Field Notes from Ecuador

By Vanessa Hua | November 03, 2015 | Ecuador

We didn't have to sacrifice a virgin to the volcano. Though Cotopaxi sent up her plume over Quito -- a jaw-dropping spectacle that made me ponder unseen geologic forces, Continental Drift, magma, the Ring of Fire -- natural disaster did not intervene this time on my International Reporting Project fellowship.

Ecuador's time zone is only two hours ahead of Pacific Standard Time, so while in Quito, in between interviews or at night or early morning, I called home via Google Hangouts, courtesy of the hotel's strong Wi-Fi signal. I caught snatches of the twins' conversation and found myself startled by the complexity of their sentences (albeit spoken in their familiar high pitched voices). Had they grown up, that much, within a couple days?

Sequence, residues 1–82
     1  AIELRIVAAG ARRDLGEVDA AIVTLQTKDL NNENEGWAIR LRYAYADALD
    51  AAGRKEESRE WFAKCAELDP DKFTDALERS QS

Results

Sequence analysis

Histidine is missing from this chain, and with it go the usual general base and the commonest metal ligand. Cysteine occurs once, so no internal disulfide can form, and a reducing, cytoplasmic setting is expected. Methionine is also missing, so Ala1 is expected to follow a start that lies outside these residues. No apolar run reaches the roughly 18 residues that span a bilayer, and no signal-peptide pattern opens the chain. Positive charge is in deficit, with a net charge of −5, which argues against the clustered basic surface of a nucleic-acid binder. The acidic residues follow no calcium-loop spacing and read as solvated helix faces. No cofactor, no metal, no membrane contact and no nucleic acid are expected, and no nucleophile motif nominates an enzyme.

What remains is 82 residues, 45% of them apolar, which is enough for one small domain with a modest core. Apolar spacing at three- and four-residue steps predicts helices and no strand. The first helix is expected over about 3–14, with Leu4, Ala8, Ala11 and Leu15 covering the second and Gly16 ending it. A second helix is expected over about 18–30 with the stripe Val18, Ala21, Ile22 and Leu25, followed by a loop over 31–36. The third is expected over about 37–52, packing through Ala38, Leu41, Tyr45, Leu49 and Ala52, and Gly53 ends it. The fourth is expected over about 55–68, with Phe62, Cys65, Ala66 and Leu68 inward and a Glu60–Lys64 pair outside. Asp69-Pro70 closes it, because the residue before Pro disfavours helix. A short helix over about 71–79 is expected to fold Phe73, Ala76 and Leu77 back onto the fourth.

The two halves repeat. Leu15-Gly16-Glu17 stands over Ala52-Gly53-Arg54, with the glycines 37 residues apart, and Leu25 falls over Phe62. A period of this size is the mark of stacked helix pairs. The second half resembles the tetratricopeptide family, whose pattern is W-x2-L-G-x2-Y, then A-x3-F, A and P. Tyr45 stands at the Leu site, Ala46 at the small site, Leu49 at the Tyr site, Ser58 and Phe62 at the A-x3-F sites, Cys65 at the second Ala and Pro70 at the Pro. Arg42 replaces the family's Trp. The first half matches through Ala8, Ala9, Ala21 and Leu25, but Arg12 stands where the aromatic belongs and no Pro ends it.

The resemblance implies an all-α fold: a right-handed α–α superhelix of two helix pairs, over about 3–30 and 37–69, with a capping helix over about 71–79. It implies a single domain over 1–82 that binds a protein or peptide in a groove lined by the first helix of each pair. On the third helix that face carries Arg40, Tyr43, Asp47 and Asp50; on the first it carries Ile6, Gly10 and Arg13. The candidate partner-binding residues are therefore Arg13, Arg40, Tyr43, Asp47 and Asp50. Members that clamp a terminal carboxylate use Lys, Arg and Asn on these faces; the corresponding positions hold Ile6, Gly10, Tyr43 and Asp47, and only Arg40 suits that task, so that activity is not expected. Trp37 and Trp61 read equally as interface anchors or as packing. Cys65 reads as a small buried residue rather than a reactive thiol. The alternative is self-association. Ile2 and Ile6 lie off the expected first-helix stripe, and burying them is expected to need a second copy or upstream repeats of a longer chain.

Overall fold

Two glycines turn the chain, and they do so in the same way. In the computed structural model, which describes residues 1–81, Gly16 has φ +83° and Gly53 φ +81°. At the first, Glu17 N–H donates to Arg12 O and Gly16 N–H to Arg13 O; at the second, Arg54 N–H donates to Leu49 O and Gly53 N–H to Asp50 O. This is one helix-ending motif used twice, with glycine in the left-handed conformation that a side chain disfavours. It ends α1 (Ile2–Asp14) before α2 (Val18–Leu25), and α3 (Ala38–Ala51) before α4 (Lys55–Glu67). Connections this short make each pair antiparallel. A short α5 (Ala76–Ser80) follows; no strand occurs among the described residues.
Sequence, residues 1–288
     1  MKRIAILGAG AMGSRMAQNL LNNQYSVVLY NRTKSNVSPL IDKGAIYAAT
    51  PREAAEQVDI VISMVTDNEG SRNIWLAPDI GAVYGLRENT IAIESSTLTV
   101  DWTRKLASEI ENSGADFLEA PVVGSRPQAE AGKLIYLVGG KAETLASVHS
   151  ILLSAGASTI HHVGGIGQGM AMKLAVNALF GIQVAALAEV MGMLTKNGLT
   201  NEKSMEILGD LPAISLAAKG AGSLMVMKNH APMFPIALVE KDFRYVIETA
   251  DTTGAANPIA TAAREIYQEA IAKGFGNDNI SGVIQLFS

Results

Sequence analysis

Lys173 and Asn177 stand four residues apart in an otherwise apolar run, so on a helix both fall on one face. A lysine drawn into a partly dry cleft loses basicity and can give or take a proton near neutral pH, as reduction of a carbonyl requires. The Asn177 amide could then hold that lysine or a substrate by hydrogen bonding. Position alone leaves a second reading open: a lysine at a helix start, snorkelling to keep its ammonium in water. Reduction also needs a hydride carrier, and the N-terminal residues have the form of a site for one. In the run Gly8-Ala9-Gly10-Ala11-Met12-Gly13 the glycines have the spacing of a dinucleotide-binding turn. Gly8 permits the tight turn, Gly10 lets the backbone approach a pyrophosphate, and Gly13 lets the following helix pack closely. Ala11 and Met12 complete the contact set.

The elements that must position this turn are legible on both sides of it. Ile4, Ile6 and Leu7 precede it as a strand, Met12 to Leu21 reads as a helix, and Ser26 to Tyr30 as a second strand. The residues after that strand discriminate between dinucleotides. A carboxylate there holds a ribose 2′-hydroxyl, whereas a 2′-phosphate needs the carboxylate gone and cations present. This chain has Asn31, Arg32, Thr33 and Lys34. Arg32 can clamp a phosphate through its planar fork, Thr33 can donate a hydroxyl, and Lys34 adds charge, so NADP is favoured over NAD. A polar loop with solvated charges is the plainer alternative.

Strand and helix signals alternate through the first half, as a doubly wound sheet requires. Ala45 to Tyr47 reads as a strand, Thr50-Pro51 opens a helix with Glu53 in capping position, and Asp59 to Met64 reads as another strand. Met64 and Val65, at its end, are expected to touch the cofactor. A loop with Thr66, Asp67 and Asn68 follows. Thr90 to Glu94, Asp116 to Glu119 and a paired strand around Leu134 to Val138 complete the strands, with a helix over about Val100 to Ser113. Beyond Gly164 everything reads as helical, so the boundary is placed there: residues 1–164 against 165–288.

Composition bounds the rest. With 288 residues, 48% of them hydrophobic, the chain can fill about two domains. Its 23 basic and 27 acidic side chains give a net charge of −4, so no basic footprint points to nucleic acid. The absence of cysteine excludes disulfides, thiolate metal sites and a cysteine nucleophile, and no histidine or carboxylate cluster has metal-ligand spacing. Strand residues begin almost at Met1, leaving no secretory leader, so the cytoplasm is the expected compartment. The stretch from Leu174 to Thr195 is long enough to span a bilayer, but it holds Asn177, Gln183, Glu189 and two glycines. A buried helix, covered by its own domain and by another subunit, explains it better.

We departed for Lago Agrio a gritty oil boomtown in the northern Ecuador. We stayed at the nicest hotel in town and dined at the pricey buffet -- lunch specials included "Chinese" rigatoni with soy sauce and sesame seeds -- alongside oil contractors in jumpsuits with Halliburton emblazoned across their backs. There was a giant pool, with a rickety slide, but Wi-Fi was nonexistent in our rooms and I could only get through to my husband via online text messages. Only then, I felt very far away from home and missed the twins dearly, an ache in my chest. A week into the 12-day trip, I felt I'd been away too long. But I told myself they were in good hands -- my husband, my brother, and our nanny all pitching in -- and so I pressed on, fortunate to have this time away to pursue stories, honored to meet with Colombian refugees, a mother living with HIV, and victims of oil pollution.

Vanessa Hua reported from Ecuador on a fellowship with the International Reporting Project (IRP). A longer version of this post was published on her blog, Three Under One.

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